Friday, August 27, 2010

Reagan and the Libertarians

In 1975, Governor Ronald Reagan gave an interview with Reason magazine, in which he discussed his relationship with libertarianism, and his beliefs about the role of government:
If you analyze it I believe the very heart and soul of conservatism is libertarianism...Now, I can’t say that I will agree with all the things that the present group who call themselves Libertarians in the sense of a party say, because I think that like in any political movement there are shades, and there are libertarians who are almost over at the point of wanting no government at all or anarchy. I believe there are legitimate government functions. There is a legitimate need in an orderly society for some government to maintain freedom or we will have tyranny by individuals.
Reason approached Reagan for his recent espousal of conservative libertarianism, and it appears that Reagan was interested in reaching out to this idiosyncratic and youthful branch of the right wing - potentially part of the coalition that would bring him the 1976 GOP nomination. The interviewer brought him round to the subject of the Libertarian Party and third parties in general:
Well, third parties have been notoriously unsuccessful; they usually wind up dividing the very people that should be united. And then we elect the wrong kind–the side we’re out to defeat wins...I’d like to see the Libertarian Party...maybe come to this remnant of the Republican Party which is basically conservative in its thinking...and be able to say to them, OK we’re not saying to you give up what you’re doing, but, can’t we find a common meeting ground in order at least to defeat first of all those who are doing what they’re doing to us (and this present Congress is an example)?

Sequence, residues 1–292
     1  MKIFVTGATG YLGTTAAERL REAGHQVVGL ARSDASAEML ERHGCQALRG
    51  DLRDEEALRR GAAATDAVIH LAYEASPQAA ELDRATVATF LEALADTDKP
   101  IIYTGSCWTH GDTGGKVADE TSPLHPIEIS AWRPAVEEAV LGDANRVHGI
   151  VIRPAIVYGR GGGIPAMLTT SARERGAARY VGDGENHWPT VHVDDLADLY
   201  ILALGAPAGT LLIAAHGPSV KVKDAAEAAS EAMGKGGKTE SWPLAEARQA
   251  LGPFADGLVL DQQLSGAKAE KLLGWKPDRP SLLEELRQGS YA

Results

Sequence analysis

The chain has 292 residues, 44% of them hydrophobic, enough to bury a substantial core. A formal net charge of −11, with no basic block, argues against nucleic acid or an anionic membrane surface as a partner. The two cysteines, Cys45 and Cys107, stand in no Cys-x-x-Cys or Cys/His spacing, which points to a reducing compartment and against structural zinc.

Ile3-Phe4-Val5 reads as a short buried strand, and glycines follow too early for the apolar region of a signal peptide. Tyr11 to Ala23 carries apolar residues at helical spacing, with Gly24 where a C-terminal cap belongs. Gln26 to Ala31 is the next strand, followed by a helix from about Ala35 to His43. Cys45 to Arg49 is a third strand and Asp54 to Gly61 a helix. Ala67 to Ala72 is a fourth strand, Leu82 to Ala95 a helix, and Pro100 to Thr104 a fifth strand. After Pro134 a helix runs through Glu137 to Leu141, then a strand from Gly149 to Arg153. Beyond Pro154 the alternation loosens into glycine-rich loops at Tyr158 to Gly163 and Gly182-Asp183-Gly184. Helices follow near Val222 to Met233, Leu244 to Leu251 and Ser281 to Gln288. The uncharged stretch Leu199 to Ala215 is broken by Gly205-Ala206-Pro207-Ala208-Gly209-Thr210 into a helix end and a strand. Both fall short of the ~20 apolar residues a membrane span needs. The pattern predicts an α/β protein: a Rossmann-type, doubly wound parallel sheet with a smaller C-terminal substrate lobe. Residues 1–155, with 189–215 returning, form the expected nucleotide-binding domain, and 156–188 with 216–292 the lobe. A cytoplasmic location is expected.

If Reagan had any success in courting libertarians in 1975/6, it did not win him the nomination. Interestingly, in 1980, the Libertarian Party's Ed Clark, running as a peace candidate, received the greatest proportion of votes the party has ever won in a presidential election. Though he is the president closest to libertarian philosophy in modern times, his limited approach and commitment to social conservatism separated him from its diehard adherents.

This week, the Libertarian Party is looking back on the Reagan Presidency and considering its mythic relavence in the contemporary movement. LNC Director Wes Benedict asked party members in his "Monday Message", "How to Handle Ronald Reagan?":
As the 2010 election approaches, a lot of Republican politicians are trying to posture as government-cutters, and they often hold up Ronald Reagan as an example. But although Reagan often talked about supporting smaller government, most Libertarians know that in practice he did exactly the opposite...Some polls show Reagan is reasonably well-respected these days. I think the positive reactions are often based on misconceptions, and that brings up an interesting point: how should Libertarians deal with the Ronald Reagan myth?
The current results of the attached poll show that of 1,926 voters:
  • 9% say Don't bring it up, to avoid offending his fans.
  • 7% say It's not a myth. Reagan really did shrink government.
  • 64% say Libertarians should point out that Reagan grew government.
  • 4% say Blame government growth in the 1980s on everyone except Reagan.